More On Tax Planningfrom The Advisor's Professional Library
- IRAs: In General Individual Retirement Accounts are highly popular tools for contributing funds that grow on a tax deferred basis. Depending on the type of IRA, the accumulation can be tax free.
- Health Insurance: Health and Medical Savings Accounts A Health Savings Account is a trust created exclusively for the purpose of paying qualified medical expenses of an account beneficiary. Although they are popular, they are not without their pitfalls and the regulations can be complicated. Learn more about how to avoid federal taxation on the accumulation and distributions of HSA.
Senate Finance Committee Chairman Max Baucus said Monday that if lawmakers don’t act to rein in the nation’s debt and deficits the U.S. could be headed toward a “fiscal crisis like some European countries.”
Baucus, D-Mont. (left), said in a speech at the Bipartisan Policy Center in Washington that any tax reform plan “must be developed with a sound budget in mind that reduces deficits and debt.”
But a panel of tax experts agreed after Baucus’ speech that any tax reform or deficit and debt reduction plan would not occur before the presidential election in November, and would likely come next year.
Baucus said that while the U.S. has to get its “fiscal house in order,” as today “the debt-to-GDP ratio is 73%, the highest it has been since World War II,” the deficit is not the nation’s only hurdle. Since the last major tax reform in 1986, Baucus said, the world has “changed drastically” and the tax code hasn’t kept pace. It is “now acting as a brake on our economy when we need to move at full speed. It’s time we had a tax code for the 21st century.”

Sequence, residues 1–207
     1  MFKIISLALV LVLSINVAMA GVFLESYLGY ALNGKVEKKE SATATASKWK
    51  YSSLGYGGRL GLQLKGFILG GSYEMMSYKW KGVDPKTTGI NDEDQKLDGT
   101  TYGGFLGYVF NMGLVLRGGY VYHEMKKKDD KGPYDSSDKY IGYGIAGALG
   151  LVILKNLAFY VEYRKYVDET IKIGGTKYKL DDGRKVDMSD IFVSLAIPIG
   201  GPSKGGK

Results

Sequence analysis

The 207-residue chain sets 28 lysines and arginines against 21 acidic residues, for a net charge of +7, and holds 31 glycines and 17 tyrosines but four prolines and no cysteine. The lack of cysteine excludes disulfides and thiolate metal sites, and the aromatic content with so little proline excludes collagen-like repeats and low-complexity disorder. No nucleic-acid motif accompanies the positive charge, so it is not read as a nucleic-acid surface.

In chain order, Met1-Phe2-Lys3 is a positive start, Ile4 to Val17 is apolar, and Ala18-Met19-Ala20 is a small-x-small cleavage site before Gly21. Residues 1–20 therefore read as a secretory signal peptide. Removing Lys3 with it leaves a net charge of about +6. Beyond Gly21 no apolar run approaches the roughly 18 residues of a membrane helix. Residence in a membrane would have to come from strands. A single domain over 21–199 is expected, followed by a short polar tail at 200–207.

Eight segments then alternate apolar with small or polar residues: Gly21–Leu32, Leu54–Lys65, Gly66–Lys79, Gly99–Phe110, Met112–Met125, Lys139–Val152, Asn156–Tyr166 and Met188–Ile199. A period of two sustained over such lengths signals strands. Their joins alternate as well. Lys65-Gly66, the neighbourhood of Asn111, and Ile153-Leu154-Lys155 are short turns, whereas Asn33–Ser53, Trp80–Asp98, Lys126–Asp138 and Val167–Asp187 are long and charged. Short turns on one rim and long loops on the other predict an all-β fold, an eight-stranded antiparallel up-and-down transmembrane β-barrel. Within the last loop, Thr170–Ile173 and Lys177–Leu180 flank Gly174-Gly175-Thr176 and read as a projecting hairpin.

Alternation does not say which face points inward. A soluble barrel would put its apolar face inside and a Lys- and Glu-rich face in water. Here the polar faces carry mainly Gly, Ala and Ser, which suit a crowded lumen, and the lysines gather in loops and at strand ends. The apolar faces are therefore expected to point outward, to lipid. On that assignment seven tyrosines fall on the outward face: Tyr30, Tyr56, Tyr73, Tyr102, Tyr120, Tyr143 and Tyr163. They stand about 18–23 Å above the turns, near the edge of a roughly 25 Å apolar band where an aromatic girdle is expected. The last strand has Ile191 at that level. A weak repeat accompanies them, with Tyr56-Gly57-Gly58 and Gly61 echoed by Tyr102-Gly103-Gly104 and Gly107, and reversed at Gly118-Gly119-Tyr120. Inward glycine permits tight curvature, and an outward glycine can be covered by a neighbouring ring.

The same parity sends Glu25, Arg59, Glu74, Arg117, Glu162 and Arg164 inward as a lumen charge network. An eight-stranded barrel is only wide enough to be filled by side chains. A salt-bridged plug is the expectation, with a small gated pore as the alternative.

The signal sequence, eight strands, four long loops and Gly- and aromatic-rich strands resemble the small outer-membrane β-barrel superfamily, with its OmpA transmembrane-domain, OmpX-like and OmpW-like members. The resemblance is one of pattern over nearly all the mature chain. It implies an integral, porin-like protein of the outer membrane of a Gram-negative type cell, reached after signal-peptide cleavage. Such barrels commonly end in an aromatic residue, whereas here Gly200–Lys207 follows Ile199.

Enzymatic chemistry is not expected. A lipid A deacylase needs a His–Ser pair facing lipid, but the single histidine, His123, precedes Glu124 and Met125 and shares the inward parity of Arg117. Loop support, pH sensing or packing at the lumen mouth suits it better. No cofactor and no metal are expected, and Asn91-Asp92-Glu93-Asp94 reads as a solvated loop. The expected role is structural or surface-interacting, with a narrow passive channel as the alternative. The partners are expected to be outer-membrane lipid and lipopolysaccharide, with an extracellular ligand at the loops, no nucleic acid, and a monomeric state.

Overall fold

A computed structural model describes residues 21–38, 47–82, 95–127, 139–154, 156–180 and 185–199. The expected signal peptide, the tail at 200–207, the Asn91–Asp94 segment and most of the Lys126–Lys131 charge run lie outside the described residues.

After his committee began a “comprehensive review” of the nation’s tax system last year, Baucus said that he’s “making progress on a detailed tax reform proposal that will attract bipartisan support.”
Baucus said that he will be holding hearings soon to discuss the deficit reduction proposals put forth by Alice Rivlin and former Senator Peter Domenici, the authors of the Bipartisan Policy Commission deficit reduction proposal, as well as the proposal put forth by the National Deficit Commission, better known as the Simpson-Bowles commission, “to better understand the tradeoffs” of each plan.
In reforming the tax code, Baucus said, “My view is everything is on the table.”
Baucus said a 21st century tax code must promote four goals, which are the “keys to America’s future and securing our lead in the global economy”: jobs from broad-based growth, competitiveness, innovation and opportunity.
Rivlin, the former Clinton administration budget director who’s now co-chairwoman of the Bipartisan Policy Center’s Debt Reduction Task Force, was part of a panel discussion after Baucus’ remarks. She said that she was glad to hear Baucus say that “we’re going to need more revenue as we address the deficit problem.” She also supports Baucus’ view that there should be a progressive tax rate and not a “flat tax.”
Bob Greenstein, president of the Center on Budget and Policy Priorities, said that “no one expects to rewrite the tax code during a lame duck” session of Congress, such as the session after the November election. The “first goal” of tax reform, he added, “will be raising revenue.”
Indeed, Bill Thomas, R-Calif., former chairman of the House Ways and Means Committee, who was also part of the panel, said that no one knows what will happen in a lame-duck session “unless you can tell me who will control the Senate and who [will] win the presidential election.”
Thomas also questioned what Baucus meant when he said “everything” was on the table regarding tax reform. “Does he mean Social Security? I know he means defense,” Thomas said.
As to the tax cuts that will expire at year end—which include the Bush tax cuts—Rivlin said: “The fiscal cliff is a real cliff. It would be very bad for the economy if we let all of the tax cuts expire all at once.”
Congress should have a workable “framework” to address tax reform and the debt and deficit that they can “come back to in six months,” Rivlin said. “Six months seems reasonable—it’s not kicking the can down the road, it’s moving the fiscal cliff for a few months, but it’s still there.”